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Rn ATI capstone Fundamentals Focused Review Management Care (1) -Integumentary and Peripheral Vascular Systems: Identifying Skin Lesions (Active Learning Template - Basic Concept, RM FUND 9.0 Ch 30)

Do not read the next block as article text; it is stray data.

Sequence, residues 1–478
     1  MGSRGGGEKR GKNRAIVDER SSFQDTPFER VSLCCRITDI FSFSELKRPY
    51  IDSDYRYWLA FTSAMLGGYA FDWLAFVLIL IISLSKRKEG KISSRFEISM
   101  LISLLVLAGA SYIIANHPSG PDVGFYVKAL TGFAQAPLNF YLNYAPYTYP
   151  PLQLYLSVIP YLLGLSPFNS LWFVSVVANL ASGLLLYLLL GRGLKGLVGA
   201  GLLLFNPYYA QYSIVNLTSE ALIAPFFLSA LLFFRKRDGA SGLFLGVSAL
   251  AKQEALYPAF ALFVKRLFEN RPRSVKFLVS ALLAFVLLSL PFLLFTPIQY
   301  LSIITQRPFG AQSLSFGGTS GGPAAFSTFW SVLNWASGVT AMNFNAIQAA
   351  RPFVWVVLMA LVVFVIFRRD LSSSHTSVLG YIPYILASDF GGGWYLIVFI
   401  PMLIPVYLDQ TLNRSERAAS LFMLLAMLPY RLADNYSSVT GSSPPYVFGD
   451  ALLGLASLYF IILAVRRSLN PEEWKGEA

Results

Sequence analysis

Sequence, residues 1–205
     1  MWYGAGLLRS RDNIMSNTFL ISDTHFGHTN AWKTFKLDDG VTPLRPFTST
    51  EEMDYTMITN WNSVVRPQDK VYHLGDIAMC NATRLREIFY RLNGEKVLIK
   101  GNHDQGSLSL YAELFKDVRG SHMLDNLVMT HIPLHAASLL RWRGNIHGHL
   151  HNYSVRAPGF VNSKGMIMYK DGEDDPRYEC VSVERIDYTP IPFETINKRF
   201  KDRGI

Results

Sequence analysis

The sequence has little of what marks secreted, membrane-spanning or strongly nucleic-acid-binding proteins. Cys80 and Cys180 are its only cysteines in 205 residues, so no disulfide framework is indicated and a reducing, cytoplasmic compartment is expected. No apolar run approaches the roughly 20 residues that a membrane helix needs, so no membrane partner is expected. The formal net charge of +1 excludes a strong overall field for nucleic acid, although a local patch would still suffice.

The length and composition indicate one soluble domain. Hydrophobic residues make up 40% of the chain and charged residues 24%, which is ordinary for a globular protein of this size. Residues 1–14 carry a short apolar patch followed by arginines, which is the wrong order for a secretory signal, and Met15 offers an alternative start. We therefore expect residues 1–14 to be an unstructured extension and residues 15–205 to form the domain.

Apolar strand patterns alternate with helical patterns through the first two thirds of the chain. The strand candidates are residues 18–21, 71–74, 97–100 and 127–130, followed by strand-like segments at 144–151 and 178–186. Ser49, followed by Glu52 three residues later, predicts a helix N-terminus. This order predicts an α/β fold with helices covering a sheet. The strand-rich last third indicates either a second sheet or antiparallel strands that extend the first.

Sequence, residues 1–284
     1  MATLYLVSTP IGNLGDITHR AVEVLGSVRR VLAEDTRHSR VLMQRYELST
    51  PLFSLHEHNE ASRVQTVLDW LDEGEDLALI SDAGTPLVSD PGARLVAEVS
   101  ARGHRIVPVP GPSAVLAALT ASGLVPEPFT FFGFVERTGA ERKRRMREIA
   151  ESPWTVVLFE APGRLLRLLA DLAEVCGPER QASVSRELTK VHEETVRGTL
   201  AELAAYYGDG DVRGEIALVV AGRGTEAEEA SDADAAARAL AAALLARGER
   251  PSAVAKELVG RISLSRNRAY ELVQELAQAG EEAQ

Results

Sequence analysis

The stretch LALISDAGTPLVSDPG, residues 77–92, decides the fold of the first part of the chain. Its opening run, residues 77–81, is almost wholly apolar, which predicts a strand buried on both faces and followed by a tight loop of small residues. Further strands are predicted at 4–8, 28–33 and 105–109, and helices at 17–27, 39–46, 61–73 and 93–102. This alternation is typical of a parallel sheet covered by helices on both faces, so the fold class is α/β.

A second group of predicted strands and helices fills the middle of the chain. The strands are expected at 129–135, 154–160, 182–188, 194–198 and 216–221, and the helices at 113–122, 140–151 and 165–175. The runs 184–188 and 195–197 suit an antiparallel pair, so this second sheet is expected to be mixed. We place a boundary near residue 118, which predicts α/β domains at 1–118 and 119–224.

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Rn ATI capstone Fundamentals Focused Review Management Care (1) -Integumentary and Peripheral Vascular Systems: Identifying Skin Lesions (Active Learning Template - Basic Concept, RM FUND 9.0 Ch 30) -... Equipment used to assess -adequate lighting, gloves, flexible ruler/tape measure, gown or drape to cover pt -Vascular Lesions -Spider Angioma- red center with radiating red legs, up to 2 cm, possibly raised -cherry Angioma- red 1 to 3cm, round and possibly raised -spider vein- bluish, spider shaped or linear up to several inches in size -petechiae/purpura- deep reddish/purple flat petechiae 1-3mm, purpura > 3mm -ecchymosis- purple fading to green or yellow over time, variable in size, flat -hematoma- raised ecchymosis Safety & Infection control (4) -Client Safety: Priority Action in a Fire Emergency (Active Learning Template - Basic Concept, RM FUND 9.0 Ch 12) -Know the location of exits, alarms, fire extinguishers, and oxygen shut-off valves. -Make sure equipment does not block fire doors. -Know the evacuation plan for the unit and the facility. R: Rescue and protect clients in close proximity to the fire by moving them to a safer location. Clients who are ambulatory may walk independently to a safe location. A: Alarm: Activate the facility’s alarm system and then report the fire’s details and location. C: Contain/Confine the fire by closing doors and windows and turning off any sources of oxygen and any electrical devices. Ventilate clients who are on life support with a bag-valve mask. E: Extinguish the fire if possible using the appropriate fire extinguisher -Home Safety: Teaching About Wound Care (Active Learning Template - Basic Concept, RM FUND 9.0 Ch 13) Burns -Test the temperature of formula and bath water. -Place pots on back burner and turn handle away from front of stove. -Supervise the use of faucets. -Keep matches and lighters out of reach. -Cover electrical outlets Play Injury -Teach to not run with candy or objects in mouth. -Remove doors from refrigerators or other potentially confining structures. -Ensure that bikes are the appropriate size for child. -Teach playground safety. -Teach to play in safe areas, and avoid heavy machinery, railroad tracks, excavation areas, quarries, trunks, and vacant buildings. -Teach to never swim alone and to wear a life jacket in boats. -Wear protective helmets and knee and elbow pads, when needed. -Teach to avoid strangers and keep parents informed of strangers. -Medical and Surgical Asepsis: Maintaining Surgical Asepsis While Performing a Sterile Dressing Change (Active Learning T-template - Nursing Skill, RM FUND 9.0 Ch 10) -The outer wrappings and 1-inch edges of packaging that contains sterile items are not sterile. ---The inner surface of the sterile drape or kit, except for that 1-inch border around the edges, is the sterile field to which other sterile items may be added. -To position the field on the table surface, grasp the 1-inch border before donning sterile gloves. Discard any object that comes into contact with the 1-inch border. -Touch sterile materials only with sterile gloves. -Consider any object held below the waist or above the chest contaminated. -Sterile materials may touch other sterile surfaces or materials; however, contact with nonsterile materials at any time contaminates a sterile area, no matter how short the contact. -Mobility and Immobility: Teaching Correct Use of a Cane (Active Learning Template - Nursing Skill, RM FUND 9.0 Ch 40) -Maintain two points of support on the ground at all times. -Keep the cane on the stronger side of the body. -Support body weight on both legs. -Move the cane forward 15 to cm (6 to 10 inches). -Then move the weaker leg forward toward the cane. -Next, advance the stronger leg past the can Health Promotion and Maintenance - (5) -Health Promotion and Disease Prevention: Teaching About Tertiary Prevention Programs (Active Learning Template - Basic Concept, RM FUND 9.0 Ch 16) -Tertiary prevention aims to prevent the long-term consequences of a chronic illness or disability and to support optimal functioning. -Begins after an injury or illness -Prevention of pressure ulcers after spinal cord injury -Promoting independence after traumatic brain injury -Referrals to support groups -Rehabilitation center Infants (2 Days to 1 Year): Expected Findings for a Newborn (Active Learning Template - Growth and Development, RM FUND 9.0 Ch 18) -Posterior fontanel closes by 2 to 3 months of age. -Anterior fontanel closes by 12 to 18 months of age. -Birth weight should double by 4 to 6 months and triple by the end of the first year. -Infants grow about 2.5 cm (1 in) per month in the first 6 months, and then about 1.25 cm (0.5 in) per month until the end of the first year. -Head circumference increases about 1.25 cm (0.5 in) per month in the first 6 months and then about 0.5 cm (0.2 in) between 6 and 12 months. -Six to eight teeth erupt in the infant’s mouth by the end of the first year. -Use cold teething rings, over-the-counter teething gels, and acetaminophen or ibuprofen. -Use a cool, wet washcloth to clean the teeth. -Do not give infants a bottle when they are falling asleep. Prolonged exposure to milk or juice can cause dental caries (bottle-mouth caries) Infants (2 Days to 1 Year): Providing Nutritional Teaching to the Parent of an Infant (Active Learning Template - Basic Concept, RM FUND 9.0 Ch 18) -Breastfeeding provides optimal nutrition during the first 12 months. Feeding alternatives -Iron-fortified formula is an acceptable alternative to breast milk. -Cow’s milk is inadequate and should not be given before 1 year of age. -Weaning from the breast or bottle can begin when infants can drink from a cup (after 6 months). -Replace a single bottle- or breast-feeding with breast milk or formula in a cup. -Every few days, replace another feeding with a cup. -Replace the bedtime feeding last. -Solid food is appropriate around 4 to 6 months. -Indicators for readiness include voluntary control of the head and trunk and disappearance of the extrusion reflex (pushing food out of the mouth). -Introduce iron-fortified rice cereal first. -Start new foods one at a time over a 5- to 7-day period to observe for signs of allergy or intolerance (fussiness, rash, vomiting, diarrhea, constipation). Vegetables, fruits, and meats follow, generally in that order. Middle Adults (35 to 65 Years): Psychosocial Tasks for a Middle Adult Client (Active Learning Template - Growth and Development, RM FUND 9.0 Ch 24) According to Erikson, middle adults must achieve generativity vs. stagnation. Middle adults strive for generativity Use life as an opportunity for creativity and productivity. Have concern for others. Consider parenting an important task. Contribute to the well-being of the next generation. Strive to do well in one’s own environment. Adjust to changes in physical appearance and abilities.Moral development Religious maturity Spiritual beliefs and religion can take on added importance. Middle adults can become more secure in their convictions. Middle adults often have advanced moral development Self-concept development: Some middle adults have issues related to: Menopause, Sexuality, Depression, Irritability, Difficulty with sexual identity, Job performance and ability to provide support, Marital changes with the death of a spouse or divorce Body image changes Sex drive can decrease as a result of declining hormones, chronic disorders, or medications. Changes in physical appearance can raise concerns about desirability. WOMEN: Symptoms of menopause can represent as: Loss of the reproductive role or femininity. New interest in intimacy. MEN: Decreasing strength can be frustrating or frightening. Social development Need to maintain and strengthen intimacy. Empty nest syndrome: experiencing sadness when children move away from home. Provide assistance to aging parents, adult children, and grandchildren, giving this stage of life the name “sandwich generation.” Older Adults (65 Years and Older): Expected Assessment Findings for an Older Adult Client (Active Learning Template - Growth and Development, RM FUND 9.0 Ch 25) Integumentary Decreased skin turgor, subcutaneous fat, and connective tissue (dermis), which leads to wrinkles and dry, transparent skin Loss of subcutaneous fat, which makes it more difficult for older adults to adjust to coldtemperatures Thinning and graying of hair, as well as a more sparse distribution Thickening of fingernails and toenails Cardiovascular/pulmonary Decreased chest wall movement, vital capacity, and cilia, which increases the risk for respiratory infections Reduced cardiac output Decreased peripheral circulation Increased blood pressure Neurosensory Slower reaction time Decreased touch, smell, and taste sensations Decreased production of saliva Decline in visual acuity Decreased ability for eyes to adjust from light to dark, leading to night blindness, which is especially dangerous when driving Inability to hear high-pitched sounds (presbycusis) Reduced spatial awareness Gastrointestinal Decreased digestive enzymes Decreased intestinal motility, which can lead to increased risk of constipation Increased dental problems Neuromuscular Decreased height due to intervertebral disk changes Decreased muscle strength and tone Decalcification of bones Degeneration of joints Genitourinary Decreased bladder capacity Prostate hypertrophy in men Decline in estrogen or testosterone production Atrophy of breast tissue in women Endocrine Decline in triiodothyronine (T3) production, yet overall function remains effective Decreased sensitivity of tissue cells to insulin Basic Care and Comfort - (2) Complementary and Alternative Therapies: Teaching a Client About Meditation (Active Learning Template - Basic Concept, RM FUND 9.0 Ch 42) Nursing interventions can provide some aspects of complementary alternative therapies, including the following. Guided imagery/visualization therapy: Encourages healing and relaxation of the body by having the mind focus on images Healing intention: Uses caring, compassion, and empathy in the context of prayer to facilitate healing Breathwork: Reduces stress and increases relaxation through various breathing patterns Humor: Reduces tension and improves mood to foster coping Meditation: Uses rhythmic breathing to calm the mind and body Simple touch: Communicates presence, appreciation, and acceptance Music or art therapy: Provides distraction from pain and allows the client to express emotions; earphones improve concentration Therapeutic communication: Allows clients to verbalize and become aware of emotions and fears in a safe, nonjudgmental environment Relaxation techniques: Promotes relaxation using breathing techniques while thinking peaceful thoughts (passive relaxation) or while tensing and relaxing specific muscle groups (progressive relaxation) Nutrition and Oral Hydration: Foods to Avoid on a Mechanical Soft Diet (Active Learning Template - Basic Concept, RM FUND 9.0 Ch 39) Mechanical soft: clear and full liquids plus diced or ground foods Reduction of Risk Potential - (2) Thorax, Heart, and Abdomen: Identifying Manifestations of Ineffective Cardiac Contractions (Active Learning Template - System Disorder, RM FUND 9.0 Ch 29) Systolic hypertension (widened pulse pressure) is a common finding with atherosclerosis. The PMI becomes more difficult to palpate because the AP diameter of the chest widens. Coronary blood vessel walls thicken and become more rigid with a narrowed lumen. Cardiac output decreases and strength of contraction leads to poor activity tolerance. Heart values stiffen due to calcification. The left ventricle thickens. Pulmonary vascular tension increases. Systolic blood pressure rises. Peripheral circulation diminishes Vital Signs: Obtaining a Client's Blood Pressure (Active Learning Template - Nursing Skill, RM FUND 9.0 Ch 27) Blood pressure (BP) reflects the force the blood exerts against the walls of the arteries during contraction (systole) and relaxation (diastole) of the heart. Systolic blood pressure (SBP) occurs during ventricular systole of the heart, when the ventricles force blood into the aorta and pulmonary artery, and it represents the maximum amount of pressure exerted on the arteries when ejection occurs. Diastolic blood pressure (DBP) occurs during ventricular diastole of the heart, when the ventricles relax and exert minimal pressure against arterial walls, and represents the minimum amount of pressure exerted on the arteries Physiological Adaptation - (2) Electrolyte Imbalances: Identifying Manifestations of an Electrolyte Imbalance (Active Learning Template - System Disorder, RM FUND 9.0 Ch 58) Hyponatremia PHYSICAL ASSESSMENT FINDINGS: Vary with a normal, decreased, or increased ECF volume VITAL SIGNS: Hypothermia, tachycardia, rapid thready pulse, hypotension, orthostatic hypotension NEUROMUSCULOSKELETAL: Headache, confusion, lethargy, muscle weakness with possible respiratory compromise, fatigue, decreased deep tendon reflexes (DTRs), seizures, com GI: Increased motility, hyperactive bowel sounds, abdominal cramping, anorexia, nausea, vomiting Hypernatremia VITAL SIGNS: Hyperthermia, tachycardia, orthostatic hypotension NEUROMUSCULOSKELETAL: Restlessness, disorientation, irritability, muscle twitching, muscle weakness, seizures, decreased level of consciousness, reduced to absent DTRs GI: Thirst, dry mucous membranes, dry and swollen tongue that is red in color, increased motility, hyperactive bowel sounds, abdominal cramping, nausea OTHER FINDINGS: Edema, warm flushed skin, oliguria Hypokalemia VITAL SIGNS: Hyperthermia, weak irregular pulse, hypotension, orthostatic hypotension, respiratory distress NEUROMUSCULOSKELETAL: Ascending bilateral muscle weakness with respiratory collapse and paralysis, muscle cramping, decreased muscle tone and hypoactive reflexes, paresthesias, mental confusion ELECTROCARDIOGRAM (ECG): Premature ventricular contractions (PVCs), bradycardia, blocks, ventricular tachycardia, flattening Twaves, and ST depression GI: Decreased motility, hypoactive bowel sounds, abdominal distention, constipation, ileus, nausea, vomiting, anorexia OTHER CLINICAL FINDINGS: Anxiety, which can progress to lethargy Hyperkalemia VITAL SIGNS: Slow, irregular pulse; hypotension NEUROMUSCULOSKELETAL: Irritability, confusion, weakness with ascending flaccid paralysis, paresthesias, lack of reflexes ECG: Ventricular fibrillation, peaked T waves, widened QRS, cardiac arrest GI: Increased motility, diarrhea, abdominal cramps, hyperactive bowel sounds Ergonomic Principles: Facilitating Drainage for a Client Who Has Pneumonia (Active Learning Template - System Disorder, RM FUND 9.0 Ch 14) Sims’ or semi prone The client is on his side halfway between lateral and prone positions, with his weight on his anterior ileum, humerus, and clavicle. His lower arm is behind him while his upper arm is in front. Both legs are in flexion but the upper leg is flexed at a greater angle than the lower leg at the hip as well as at the knee. This is a comfortable sleeping position for many clients, and it promotes oral drainage Liberal Education for Baccalaureate Generalist Nursing Practice Definition The need for an education that exposes nurses to multiple fields of study providing the foundation for a global perspective of society as well as high level thinking and acquisition of skills that can be applied to complex patient and system-based problems. Basic Organization and Systems Leadership for Quality Care and Patient Safety Definition The need for nurses to be able to understand power relationships and use decision-making and Scholarship for evidence-based practice Definition The need for nurses to be able to understand the research process and base practice and clinical judgments upon fact-based evidence to enhance patient outcomes. Inter professional communication and collaboration Definition The need for nurses to be able to function as a member of the healthcare team while promoting an environment that supports interprofessional communication and collaboration with the goal of providing patient-centered care. Clinical prevention and population health Definition The need for nurses to be able to identify health related risk factors and facilitate behaviors that support health promotion, and disease and injury prevention, while providing populationfocused care that is based on principles of epidemiology and promotes social justice. Baccalaureate generalist nursing practice Definition The need for nurses to be able to practice as a generalist using clinical reasoning to provide care to patients across the lifespan and healthcare continuum and to individuals, families, groups, communities, and populations. Foundational thinking in Nursing Definition Ability to recall and comprehend information and concepts foundational to quality nursing practice. Clinical judgement/critical thinking in Nursing Definition Ability to use critical thinking skills (interpretation, analysis, evaluation, inference, and explanation) to make a clinical judgment regarding a posed clinical problem. Includes cognitive abilities of application and analysis. RN Management of Care Definition The nurse coordinates, supervises and/or collaborates with members of the health care to provide an environment that is cost-effective and safe for clients. RN safety and infection control Definition The nurse uses preventive safety measures to promote the health and well-being of clients, significant others, and members of the health care team. RN health promotion and maintenance Definition The nurse directs nursing care to promote prevention and detection of illness and support optimal health. RN psychosocial integrity Definition The nurse directs nursing care to promote and support the emotional, mental and social wellbeing of clients and significant others. RN basic care and comfort Definition The nurse provides nursing care to promote comfort and assist client to perform activities of daily living. RN Pharmacological and parenteral therapies Definition The nurse administers, monitors and evaluates pharmacological and parenteral therapy. RN reduction of Risk Potential Definition The nurse directs nursing care to decrease clients’ risk of developing complications from existing health disorders, treatments or procedures. RN Physiological Adaptation Definition The nurse manages and provides nursing care for clients with an acute, chronic or life threatening illness. Human Flourishing Definition Human flourishing is reflected in patient care that demonstrates respect for diversity, approaches patients in a holistic and patient-centered manner, and uses advocacy to enhance their health and well-being. Nursing Judgement Definition Nursing judgment involves the use of critical thinking and decision making skills when making clinical judgments that promote safe, quality patient care. Proffesional Identitiy Definition Professional identity reflects the professional development of the nurse as a member and leader of the health care team who promotes relationship-centered care, and whose practice reflects integrity and caring while following ethical and legal guidelines. Spirit of Inquiry Definition A spirit of inquiry is exhibited by nurses who provide evidence based clinical nursing practice and use evidence to promote change and excellence. RN Assessment Definition The assessment step of the nursing process involves application of nursing knowledge to the collection, organization, validation and documentation of data about a client’s health status. The nurse focuses on the client’s response to a specific health problem including the client’s health beliefs and practices. The nurse thinks critically to perform a comprehensive assessment of subjective and objective information. Nurses must have excellent communication and assessment skills in order to plan client care. RN Analysis/ Diagnosis Definition The analysis step of the nursing process involves the nurse’s ability to analyze assessment data to identify health problems/risks and a client’s needs for health intervention. The nurse identifies patterns or trends, compares the data with expected standards or reference ranges and draws conclusions to direct nursing care. The nurse then frames nursing diagnoses in order to direct client care. RN Planning Definition The planning step of the nursing process involves the nurse’s ability to make decisions and problem solve. The nurse uses a client’s assessment data and nursing diagnoses to develop measureable client goals/outcomes and identify nursing interventions. The nurse uses evidenced based practice to set client goals, establish priorities of care, and identify nursing interventions to assist the client to achieve his goals. RN Implementation/Therapeutic Nursing intervention Definition The implementation step of the nursing process involves the nurse’s ability to apply nursing knowledge to implement interventions to assist a client to promote, maintain, or restore his health. The nurse uses problem-solving skills, clinical judgment, and critical thinking when using interpersonal and technical skills to provide client care. During this step the nurse will also delegate and supervise care and document the care and the client’s response. RN Evaluation Definition The evaluation step of the nursing process involves the nurse’s ability to evaluate a client’s response to nursing interventions and to reach a nursing judgment regarding the extent to which the client has met the goals and outcomes. During this step the nurse will also assess client/staff understanding of instruction, the effectiveness of interventions, and identify the need for further intervention or the need to alter the plan. Priority Setting Definition Ability to demonstrate nursing judgment in making decisions about priority responses to a client problem. Also includes establishing priorities regarding the sequence of care to be provided to multiple clients. Safety Definition The minimization of risk factors that could cause injury or harm while promoting quality care and maintaining a secure environment for clients, self, and others. Patient-Centered Care Definition The provision of caring and compassionate, culturally sensitive care that is based on a patient’s physiological, psychological, sociological, spiritual, and cultural needs, preferences, and values. Evidence-Based Practice Definition The use of current knowledge from research and other credible sources to make clinical judgments and provide client-centered care. Informatics Definition The use of information technology as a communication and information gathering tool that supports clinical decision making and safe, scientifically based nursing practice. Teamwork and Collaboration Definition The delivery of client care in partnership with multidisciplinary members of the health care team, to achieve continuity of care and positive client outcomes. [Show More]